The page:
At the end of January 2015, the International Council on Mining and Metals (ICMM) released its second global overview of the mining industry’s contribution to national economies. The index found that mining continues to play an expanding role in many national economies, especially those of emerging countries, with 33 of the 35 nations most dependent on mining designated as less developed or emerging countries.

This is an unsurprising result, given the widely acknowledged role of resource development and the export of mining products for countries in the process of modernisation. But as ICMM president Anthony Hodge noted in his foreword to the report: "Numbers tell important stories. But they never tell the whole story."

There’s no doubt that the revenues generated by the mining sector – through foreign investment, exports and taxes – have the raw potential to drive economic growth and sustainable development. But there’s a fine line to walk if that growth is to be fair, constructive and environmentally sound.

"Only by working collaboratively with others as development partners can the industry ensure that the catalytic impact of mining is fulsome and positive, and the perils of the resource curse averted," wrote Hodge. "Best results depend on crisply defined and bounded responsibilities and systems of accountability for companies, governments, communities and civil society organizations."

South American gold mining: a rainforest crisis?

With ecosystems as fragile and globally vital as South America’s tropical rainforests, it’s especially important that the industry, governments and other agencies work together to ensure that the local environment is safeguarded by Hodge’s "crisply defined" rules and regulations.

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However, evidence is building that the economic benefits brought about by gold mining in South America are coming at considerable expense to the health of unique rainforest habitats – some of the most important areas of biodiversity in the world and crucial natural mediators of climate change.

Coal company Frasure Creek Mining stands accused of manipulating water pollution reports.

Two recently published academic studies highlight the ecological issues facing the continent’s jungles. Published in January 2015, research from the University of Puerto Rico revealed the growing footprint of gold mining in the region. The study, which covered tropical and subtropical jungle in countries including Brazil, Ecuador, Venezuela, Peru, Bolivia and Colombia, showed that between 2001 and 2013, gold mining directly caused the deforestation of around 1,680km² of rainforest, with the region’s combined gold mining sites growing from 377km² to 1,303km² since the global economic crisis began in 2007.

The damage being wrought by gold mining in South American rainforests isn’t specifically a matter of the scale of deforestation. After all, the amount of jungle hacked away by gold miners is small compared to the space cleared for agriculture, and according to the WWF, mining operations as a whole cause deforestation of 6,100km² every year in Brazil’s copper-rich Carajas Mineral Province alone.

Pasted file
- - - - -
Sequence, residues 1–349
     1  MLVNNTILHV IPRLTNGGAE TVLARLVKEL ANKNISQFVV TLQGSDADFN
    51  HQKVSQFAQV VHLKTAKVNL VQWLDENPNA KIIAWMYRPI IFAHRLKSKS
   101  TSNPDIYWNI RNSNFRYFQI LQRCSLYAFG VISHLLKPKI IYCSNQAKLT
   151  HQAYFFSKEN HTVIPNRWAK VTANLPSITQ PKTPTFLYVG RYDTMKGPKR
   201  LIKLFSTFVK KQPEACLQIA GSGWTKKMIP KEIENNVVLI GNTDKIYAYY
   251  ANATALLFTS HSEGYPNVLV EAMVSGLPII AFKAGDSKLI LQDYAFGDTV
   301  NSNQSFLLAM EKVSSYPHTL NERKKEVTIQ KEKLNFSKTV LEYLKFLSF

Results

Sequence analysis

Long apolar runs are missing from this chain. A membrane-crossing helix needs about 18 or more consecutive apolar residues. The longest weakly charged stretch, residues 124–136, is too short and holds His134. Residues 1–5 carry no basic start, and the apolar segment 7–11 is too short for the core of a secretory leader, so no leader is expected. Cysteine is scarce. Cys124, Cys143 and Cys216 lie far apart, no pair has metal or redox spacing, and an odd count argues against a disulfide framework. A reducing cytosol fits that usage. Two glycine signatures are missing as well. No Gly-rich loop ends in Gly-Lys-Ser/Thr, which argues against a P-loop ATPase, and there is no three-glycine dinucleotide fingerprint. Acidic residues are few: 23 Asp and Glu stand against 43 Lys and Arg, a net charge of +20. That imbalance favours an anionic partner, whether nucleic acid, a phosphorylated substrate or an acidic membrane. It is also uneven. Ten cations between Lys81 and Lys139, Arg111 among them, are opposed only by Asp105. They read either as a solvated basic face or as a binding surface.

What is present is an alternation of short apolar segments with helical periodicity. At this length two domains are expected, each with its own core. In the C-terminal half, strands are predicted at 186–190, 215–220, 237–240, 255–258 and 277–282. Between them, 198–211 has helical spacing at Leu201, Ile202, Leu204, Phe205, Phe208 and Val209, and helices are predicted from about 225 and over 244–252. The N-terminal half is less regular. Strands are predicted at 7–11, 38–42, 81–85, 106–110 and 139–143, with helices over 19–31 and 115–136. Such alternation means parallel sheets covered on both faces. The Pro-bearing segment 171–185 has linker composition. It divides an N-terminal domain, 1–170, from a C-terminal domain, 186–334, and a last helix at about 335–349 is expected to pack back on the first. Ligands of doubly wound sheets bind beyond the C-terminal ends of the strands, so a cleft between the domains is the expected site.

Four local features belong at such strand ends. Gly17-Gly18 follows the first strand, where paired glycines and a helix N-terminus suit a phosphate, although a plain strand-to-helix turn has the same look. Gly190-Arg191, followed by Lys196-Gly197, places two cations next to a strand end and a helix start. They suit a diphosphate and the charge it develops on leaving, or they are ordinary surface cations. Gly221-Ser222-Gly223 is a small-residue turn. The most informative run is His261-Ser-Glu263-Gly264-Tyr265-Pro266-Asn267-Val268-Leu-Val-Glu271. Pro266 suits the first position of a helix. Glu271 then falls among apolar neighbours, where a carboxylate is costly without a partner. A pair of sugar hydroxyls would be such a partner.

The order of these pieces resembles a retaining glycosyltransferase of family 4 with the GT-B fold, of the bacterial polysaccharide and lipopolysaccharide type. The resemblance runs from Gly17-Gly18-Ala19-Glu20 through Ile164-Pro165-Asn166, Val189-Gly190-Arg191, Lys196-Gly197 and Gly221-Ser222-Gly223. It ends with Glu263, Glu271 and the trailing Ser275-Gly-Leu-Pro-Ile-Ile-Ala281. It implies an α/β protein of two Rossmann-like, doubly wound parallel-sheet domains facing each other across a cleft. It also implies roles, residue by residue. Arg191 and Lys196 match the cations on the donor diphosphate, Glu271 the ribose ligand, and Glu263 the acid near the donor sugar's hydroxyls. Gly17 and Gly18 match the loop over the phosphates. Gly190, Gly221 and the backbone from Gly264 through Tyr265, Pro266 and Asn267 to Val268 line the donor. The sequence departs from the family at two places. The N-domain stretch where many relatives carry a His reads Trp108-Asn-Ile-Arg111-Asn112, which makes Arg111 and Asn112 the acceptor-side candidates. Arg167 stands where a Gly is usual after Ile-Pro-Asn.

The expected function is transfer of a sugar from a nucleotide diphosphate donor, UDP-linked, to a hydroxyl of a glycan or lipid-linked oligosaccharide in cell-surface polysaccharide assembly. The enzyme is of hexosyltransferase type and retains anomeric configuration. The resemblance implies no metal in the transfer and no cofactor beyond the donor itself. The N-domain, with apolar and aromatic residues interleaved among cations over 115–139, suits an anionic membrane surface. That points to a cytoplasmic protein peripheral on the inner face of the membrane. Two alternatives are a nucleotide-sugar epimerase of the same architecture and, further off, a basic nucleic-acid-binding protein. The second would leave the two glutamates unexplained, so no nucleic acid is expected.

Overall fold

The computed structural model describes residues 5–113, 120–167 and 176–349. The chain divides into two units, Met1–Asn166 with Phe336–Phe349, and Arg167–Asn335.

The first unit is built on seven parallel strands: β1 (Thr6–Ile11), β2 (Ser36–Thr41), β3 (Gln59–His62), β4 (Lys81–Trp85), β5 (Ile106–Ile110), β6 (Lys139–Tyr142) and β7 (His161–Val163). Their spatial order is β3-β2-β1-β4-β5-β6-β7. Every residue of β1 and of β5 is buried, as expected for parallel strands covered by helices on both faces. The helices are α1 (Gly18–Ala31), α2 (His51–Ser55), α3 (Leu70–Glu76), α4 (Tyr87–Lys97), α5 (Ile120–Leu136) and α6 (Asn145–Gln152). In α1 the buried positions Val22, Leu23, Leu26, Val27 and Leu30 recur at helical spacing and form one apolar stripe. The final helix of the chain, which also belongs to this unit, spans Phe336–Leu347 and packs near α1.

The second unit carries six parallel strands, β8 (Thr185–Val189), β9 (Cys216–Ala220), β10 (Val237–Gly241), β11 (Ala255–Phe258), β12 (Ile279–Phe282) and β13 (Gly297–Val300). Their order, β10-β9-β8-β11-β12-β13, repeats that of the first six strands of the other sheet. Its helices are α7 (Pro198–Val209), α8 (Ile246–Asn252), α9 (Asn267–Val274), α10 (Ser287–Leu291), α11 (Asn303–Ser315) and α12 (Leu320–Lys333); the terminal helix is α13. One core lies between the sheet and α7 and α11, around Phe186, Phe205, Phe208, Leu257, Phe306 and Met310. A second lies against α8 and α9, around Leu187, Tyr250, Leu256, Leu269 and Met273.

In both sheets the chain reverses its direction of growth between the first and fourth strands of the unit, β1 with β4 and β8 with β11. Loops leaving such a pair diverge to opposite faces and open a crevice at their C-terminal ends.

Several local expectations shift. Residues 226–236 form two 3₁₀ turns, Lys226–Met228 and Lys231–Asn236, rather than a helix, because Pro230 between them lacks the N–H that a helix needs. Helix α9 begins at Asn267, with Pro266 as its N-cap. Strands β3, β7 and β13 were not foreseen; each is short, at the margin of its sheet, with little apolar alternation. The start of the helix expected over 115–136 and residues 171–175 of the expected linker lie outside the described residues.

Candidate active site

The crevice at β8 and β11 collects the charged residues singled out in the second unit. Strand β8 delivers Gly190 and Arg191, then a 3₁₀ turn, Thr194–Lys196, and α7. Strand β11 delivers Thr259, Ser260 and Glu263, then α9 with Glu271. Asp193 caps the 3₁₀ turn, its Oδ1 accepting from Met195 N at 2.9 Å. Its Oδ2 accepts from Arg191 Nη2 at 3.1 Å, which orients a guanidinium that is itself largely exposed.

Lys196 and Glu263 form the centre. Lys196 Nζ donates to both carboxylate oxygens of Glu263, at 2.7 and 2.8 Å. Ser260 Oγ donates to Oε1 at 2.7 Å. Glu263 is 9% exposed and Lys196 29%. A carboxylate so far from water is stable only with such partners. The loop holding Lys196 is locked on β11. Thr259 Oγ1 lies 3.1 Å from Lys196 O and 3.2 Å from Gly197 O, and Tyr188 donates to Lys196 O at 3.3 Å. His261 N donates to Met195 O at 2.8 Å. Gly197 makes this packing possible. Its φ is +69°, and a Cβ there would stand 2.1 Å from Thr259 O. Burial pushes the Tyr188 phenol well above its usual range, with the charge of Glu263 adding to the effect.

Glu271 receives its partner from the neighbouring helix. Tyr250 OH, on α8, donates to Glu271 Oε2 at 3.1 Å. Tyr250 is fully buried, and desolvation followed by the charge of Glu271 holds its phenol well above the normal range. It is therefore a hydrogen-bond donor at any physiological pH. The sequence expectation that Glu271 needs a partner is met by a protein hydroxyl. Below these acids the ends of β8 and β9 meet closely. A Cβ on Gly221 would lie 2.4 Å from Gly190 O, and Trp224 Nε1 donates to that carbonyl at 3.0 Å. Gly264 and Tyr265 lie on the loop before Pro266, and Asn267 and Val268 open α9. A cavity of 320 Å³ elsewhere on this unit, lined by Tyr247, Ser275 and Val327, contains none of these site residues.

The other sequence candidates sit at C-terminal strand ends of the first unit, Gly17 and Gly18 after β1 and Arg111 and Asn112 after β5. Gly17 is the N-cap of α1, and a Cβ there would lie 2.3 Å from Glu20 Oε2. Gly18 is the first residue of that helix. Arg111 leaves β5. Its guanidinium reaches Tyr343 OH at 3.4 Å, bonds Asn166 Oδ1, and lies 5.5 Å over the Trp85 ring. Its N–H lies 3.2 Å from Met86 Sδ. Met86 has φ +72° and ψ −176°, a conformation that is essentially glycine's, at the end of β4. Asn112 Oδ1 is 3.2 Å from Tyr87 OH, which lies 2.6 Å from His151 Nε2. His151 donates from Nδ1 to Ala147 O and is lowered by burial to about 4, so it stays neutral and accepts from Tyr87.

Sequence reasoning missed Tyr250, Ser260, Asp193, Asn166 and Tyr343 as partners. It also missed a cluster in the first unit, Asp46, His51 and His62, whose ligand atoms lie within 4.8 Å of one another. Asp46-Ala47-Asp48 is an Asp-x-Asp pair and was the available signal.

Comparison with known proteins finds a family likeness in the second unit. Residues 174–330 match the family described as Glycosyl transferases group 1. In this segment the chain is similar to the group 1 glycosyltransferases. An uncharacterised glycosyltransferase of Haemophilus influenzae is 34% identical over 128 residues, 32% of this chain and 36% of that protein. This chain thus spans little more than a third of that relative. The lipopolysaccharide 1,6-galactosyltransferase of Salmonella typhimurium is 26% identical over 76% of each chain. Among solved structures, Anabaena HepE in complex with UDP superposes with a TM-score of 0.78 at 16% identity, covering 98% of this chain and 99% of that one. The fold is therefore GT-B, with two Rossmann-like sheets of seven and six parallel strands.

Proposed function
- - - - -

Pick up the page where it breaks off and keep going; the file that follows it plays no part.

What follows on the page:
While the scale of gold mining deforestation might pale in comparison to other forces, the sensitive location of gold mines – 89% of gold mining deforestation was carried out in just four regions during the studied period – could cause a disproportionate impact. "Deforestation due to mining is occurring in some of the most biologically diverse regions in the tropics," said the study’s lead author Nora L. Álvarez Berríos. Around a third of this forest loss also took place within 10km of protected ecosystems, which makes them more vulnerable to chemical pollutants.

Beyond deforestation: harm to humans and wildlife

And deforestation is only part of the story. A Duke University study also published in January 2015 documented for the first time the worrying levels of mercury – used to improve gold extraction rates, especially in small-scale, often illegal operations – in Peru’s Madre de Dios region in the southern Amazon, an area that Peruvian authorities have described as a global ‘capital of biodiversity’.

Not only does mercury exposure pose risks for miners and their families, it has also been shown to travel at least 350 miles downriver, cropping up as a deadly neurotoxin in the food chains of local wildlife. Toxic fish also spread health risks beyond the local area to other human communities.

"The calculations were made assuming that people ate two fish meals per week," said the report’s co-lead Heileen Hsu-Kim. "However, we have preliminary data from household health surveys indicating that fish consumption is actually much higher in many communities, which could increase the body burden and exceed safety limits even for healthy adults."

"The sensitive location of gold mines could cause a disproportionate impact."